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Identical twins progress together in service

twins identical bond

Senior Airman Kaitlin Curtis, flight security controller with the 790th Missile Security Forces Squadron at Francis Emroy Warren Air Force Base, Wyoming, left, and Senior Airman Kristin Curtis, unit scheduler with the 50th Security Forces Squadron at Schriever Air Force Base, Colorado, right, smile in front of police truck in the Building 210 courtyard at Schriever AFB Sept. 14, 2018. Aside from being identical twins, the Curtis’ have shared near-identical military careers, both serving as security forces Airmen, making Senior Airman Below-The-Zone and being selected for promotion to staff sergeant. (U.S. Air Force photo by Airman 1st Class William Tracy)



Kaitlin and Kristin Curtis always live life as a pair; as identical twins, they not only look alike, but as kids they were dressed alike and they continue to share the same habits, mannerisms and quirks.

Both serve in the Air Force as defenders, both made Senior Airman Below-the-Zone and after the release of this year’s staff sergeant selects, both are slotted to become junior noncommissioned officers and lead Airmen in the NCO corps.

They now serve within three hours of each other, Kaitlin as a flight security controller with the 790th Missile Security Forces Squadron at Francis Emroy Warren Air Force Base, Wyoming, and Kristin as a unit scheduler with the 50th Security Forces Squadron at Schriever Air Force Base, Colorado.

“You can say there’s a friendly rivalry between us,” Kaitlin said. “But it helps because it keeps us motivated, we are always striving to outdo each other.”

Despite the parallel path their Air Force careers have taken, their journey did not begin on the same foot. Kaitlin enlisted in the Air Force ten months earlier than her sister, seeking to find purpose after graduating high school.

“If you were to tell me I would serve in the military when I was in high school, I would’ve said you were crazy,” she said. “I didn’t think it was something for me. But in my freshman year of college, I was getting older and I wanted to be independent and support my parents as well as my country.”

Kristin attended her sister’s Basic Military Training graduation, and it sparked her desire to join and not be upstaged.

“I always thought about joining because I was in the same kind of lull after high school,” Kristin said. “But after seeing her graduating, wearing the uniform and marching, that really solidified the decision for me.”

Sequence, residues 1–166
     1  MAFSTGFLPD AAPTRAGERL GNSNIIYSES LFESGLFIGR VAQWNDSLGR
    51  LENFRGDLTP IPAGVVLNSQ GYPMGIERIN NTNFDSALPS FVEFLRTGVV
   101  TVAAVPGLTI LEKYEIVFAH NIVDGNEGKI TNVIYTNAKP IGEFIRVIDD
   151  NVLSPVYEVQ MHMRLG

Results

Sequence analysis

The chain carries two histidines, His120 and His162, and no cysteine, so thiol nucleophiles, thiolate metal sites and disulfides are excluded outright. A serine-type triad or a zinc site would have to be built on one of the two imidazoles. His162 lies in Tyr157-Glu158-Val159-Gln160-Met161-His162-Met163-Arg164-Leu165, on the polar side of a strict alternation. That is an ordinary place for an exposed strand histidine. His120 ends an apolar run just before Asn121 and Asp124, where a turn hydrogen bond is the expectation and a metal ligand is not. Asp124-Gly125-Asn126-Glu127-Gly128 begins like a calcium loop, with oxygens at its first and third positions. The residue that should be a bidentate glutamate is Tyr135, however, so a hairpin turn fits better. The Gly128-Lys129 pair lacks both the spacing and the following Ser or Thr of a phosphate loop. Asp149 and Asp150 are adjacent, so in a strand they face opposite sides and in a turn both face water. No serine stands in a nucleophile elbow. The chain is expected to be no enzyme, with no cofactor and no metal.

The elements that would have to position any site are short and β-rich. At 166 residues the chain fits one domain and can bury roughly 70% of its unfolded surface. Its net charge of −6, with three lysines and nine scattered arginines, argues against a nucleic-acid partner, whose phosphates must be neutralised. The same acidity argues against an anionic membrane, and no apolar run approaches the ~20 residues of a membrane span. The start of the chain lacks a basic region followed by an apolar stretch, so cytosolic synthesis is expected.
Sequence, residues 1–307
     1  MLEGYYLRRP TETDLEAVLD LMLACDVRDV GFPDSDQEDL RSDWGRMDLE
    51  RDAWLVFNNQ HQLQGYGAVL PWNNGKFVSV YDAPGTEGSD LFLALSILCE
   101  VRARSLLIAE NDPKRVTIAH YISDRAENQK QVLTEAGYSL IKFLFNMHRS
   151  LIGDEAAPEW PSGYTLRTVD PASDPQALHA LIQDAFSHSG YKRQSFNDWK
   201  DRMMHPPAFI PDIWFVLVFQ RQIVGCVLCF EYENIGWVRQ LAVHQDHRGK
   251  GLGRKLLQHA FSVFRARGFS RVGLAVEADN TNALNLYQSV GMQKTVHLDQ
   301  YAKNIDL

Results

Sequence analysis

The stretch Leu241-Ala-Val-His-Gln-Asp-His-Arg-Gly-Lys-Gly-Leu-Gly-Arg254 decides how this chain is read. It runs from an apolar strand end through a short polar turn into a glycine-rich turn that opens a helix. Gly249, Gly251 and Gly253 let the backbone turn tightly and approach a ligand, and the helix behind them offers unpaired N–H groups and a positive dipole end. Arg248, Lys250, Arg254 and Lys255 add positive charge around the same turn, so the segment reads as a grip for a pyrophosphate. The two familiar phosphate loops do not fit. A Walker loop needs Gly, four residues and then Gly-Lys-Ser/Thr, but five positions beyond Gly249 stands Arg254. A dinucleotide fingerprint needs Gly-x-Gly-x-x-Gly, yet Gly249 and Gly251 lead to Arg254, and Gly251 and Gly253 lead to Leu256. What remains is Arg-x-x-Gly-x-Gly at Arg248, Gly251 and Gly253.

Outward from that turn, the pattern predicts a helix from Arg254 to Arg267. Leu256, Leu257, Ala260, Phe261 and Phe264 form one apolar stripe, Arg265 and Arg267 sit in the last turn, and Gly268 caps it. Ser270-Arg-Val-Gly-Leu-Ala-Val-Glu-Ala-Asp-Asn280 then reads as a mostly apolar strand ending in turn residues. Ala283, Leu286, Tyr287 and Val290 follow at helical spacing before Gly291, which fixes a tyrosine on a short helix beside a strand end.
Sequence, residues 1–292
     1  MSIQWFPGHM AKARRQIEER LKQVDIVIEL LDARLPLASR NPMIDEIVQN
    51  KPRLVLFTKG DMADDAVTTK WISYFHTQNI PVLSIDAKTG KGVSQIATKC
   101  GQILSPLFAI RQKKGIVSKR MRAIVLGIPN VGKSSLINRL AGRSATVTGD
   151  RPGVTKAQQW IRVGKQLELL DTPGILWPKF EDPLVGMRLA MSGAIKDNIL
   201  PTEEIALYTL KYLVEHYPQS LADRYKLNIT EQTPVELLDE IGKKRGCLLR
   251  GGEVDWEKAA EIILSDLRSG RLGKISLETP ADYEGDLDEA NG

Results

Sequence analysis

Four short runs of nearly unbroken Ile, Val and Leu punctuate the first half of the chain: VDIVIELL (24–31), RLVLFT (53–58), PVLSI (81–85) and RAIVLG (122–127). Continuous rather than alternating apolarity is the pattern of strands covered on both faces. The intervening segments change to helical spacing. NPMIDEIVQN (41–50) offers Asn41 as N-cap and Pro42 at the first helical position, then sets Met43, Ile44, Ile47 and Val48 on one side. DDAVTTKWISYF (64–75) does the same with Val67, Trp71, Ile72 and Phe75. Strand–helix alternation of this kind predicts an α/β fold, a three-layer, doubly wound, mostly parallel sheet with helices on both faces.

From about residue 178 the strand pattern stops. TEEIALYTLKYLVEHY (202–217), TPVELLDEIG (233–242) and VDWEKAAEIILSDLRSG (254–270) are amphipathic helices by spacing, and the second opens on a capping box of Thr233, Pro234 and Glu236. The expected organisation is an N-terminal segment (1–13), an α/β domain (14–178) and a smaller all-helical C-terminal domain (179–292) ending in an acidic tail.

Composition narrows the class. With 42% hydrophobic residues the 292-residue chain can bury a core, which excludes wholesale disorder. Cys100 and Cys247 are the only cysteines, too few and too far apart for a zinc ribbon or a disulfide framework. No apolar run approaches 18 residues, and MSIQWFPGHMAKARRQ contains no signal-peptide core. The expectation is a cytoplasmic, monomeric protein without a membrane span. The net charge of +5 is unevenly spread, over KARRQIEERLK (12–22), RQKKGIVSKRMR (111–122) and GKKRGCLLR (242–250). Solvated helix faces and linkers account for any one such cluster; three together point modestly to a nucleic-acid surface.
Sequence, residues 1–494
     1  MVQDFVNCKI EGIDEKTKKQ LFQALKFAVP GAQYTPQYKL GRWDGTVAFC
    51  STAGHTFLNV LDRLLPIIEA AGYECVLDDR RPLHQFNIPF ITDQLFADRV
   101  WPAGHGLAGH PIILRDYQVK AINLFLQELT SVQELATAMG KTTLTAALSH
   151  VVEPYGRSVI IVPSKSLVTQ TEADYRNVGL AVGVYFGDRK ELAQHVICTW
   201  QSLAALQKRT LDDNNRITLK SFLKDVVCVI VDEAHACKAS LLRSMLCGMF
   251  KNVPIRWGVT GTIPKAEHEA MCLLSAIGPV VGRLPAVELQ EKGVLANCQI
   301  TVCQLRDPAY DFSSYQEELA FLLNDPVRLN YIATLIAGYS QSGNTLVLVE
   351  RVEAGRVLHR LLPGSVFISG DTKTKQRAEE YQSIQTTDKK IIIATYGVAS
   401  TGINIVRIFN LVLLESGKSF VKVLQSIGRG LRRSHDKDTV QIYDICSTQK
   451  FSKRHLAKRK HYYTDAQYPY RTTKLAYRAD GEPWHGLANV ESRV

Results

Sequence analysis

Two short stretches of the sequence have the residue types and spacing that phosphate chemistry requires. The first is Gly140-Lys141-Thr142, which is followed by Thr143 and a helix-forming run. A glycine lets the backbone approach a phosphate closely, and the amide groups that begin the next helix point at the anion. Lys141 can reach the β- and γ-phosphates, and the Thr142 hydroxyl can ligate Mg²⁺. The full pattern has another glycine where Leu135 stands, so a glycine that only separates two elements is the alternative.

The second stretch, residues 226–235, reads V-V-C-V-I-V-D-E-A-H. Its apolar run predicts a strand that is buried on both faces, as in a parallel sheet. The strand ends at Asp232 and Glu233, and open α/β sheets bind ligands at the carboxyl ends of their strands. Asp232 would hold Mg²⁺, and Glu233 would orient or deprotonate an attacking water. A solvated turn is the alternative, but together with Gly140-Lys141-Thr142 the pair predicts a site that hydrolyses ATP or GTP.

She said having a sister who already underwent the rigors of BMT and Air Force Security Forces technical school gave her a distinct advantage.

“I had a better idea of what to expect, which helped a lot,” Kristin said.

Joel Galloway, a Curtis family friend who has known the twins since they were in high school, said he has seen the sisters grow through their service.

“I’ve seen them gain skills and confidence in their abilities,” he said. “All through their desire to be part of something bigger than themselves.”

While they enjoy being stationed so close together, the Curtis twins know there will be a day when their duty requires them to be apart.

However, both said through their service, they have strengthened their bonds as well as gained a new Air Force family.

“Before joining, I’ve never really been away from home for more than a week or two, so being away from my sister and the rest of my family was difficult at first,” Kaitlin said. “It was hard adjusting, but spending time with my fellow Airmen and ensuring the security of the mission, you become a family.”

“It was the same for me, going through all those life changes, but I’ve made really good friends who I’m still friends with to this day,” Kristin added.  “After I got in, I realized how small our Air Force is and we all help out each other. I’ve seen support in the Air Force I’ve never seen before.”

While their military careers have mirrored each other so far, the Curtis twins look forward to their next competitive bout – making technical sergeant.

“It will be interesting to see what happens,” Kaitlin said. “Maybe by some miracle we’ll make technical sergeant together as well. It would be funny if we go to seven level training together and confuse the instructors.”

Galloway said whatever happens, they will continue to grow together and bring benefits to their Air Force family.

“They have always been committed to what they do, as well as helping others,” he said. “I consider it a privilege to be part of their lives.”

Kristin anticipates a bright future serving alongside her sister.

“Despite not being physically together all the time, we are closer than ever,” she said. “Even when we are away from each other for a long time, the moment we reunite it’s like we just saw each other yesterday.”

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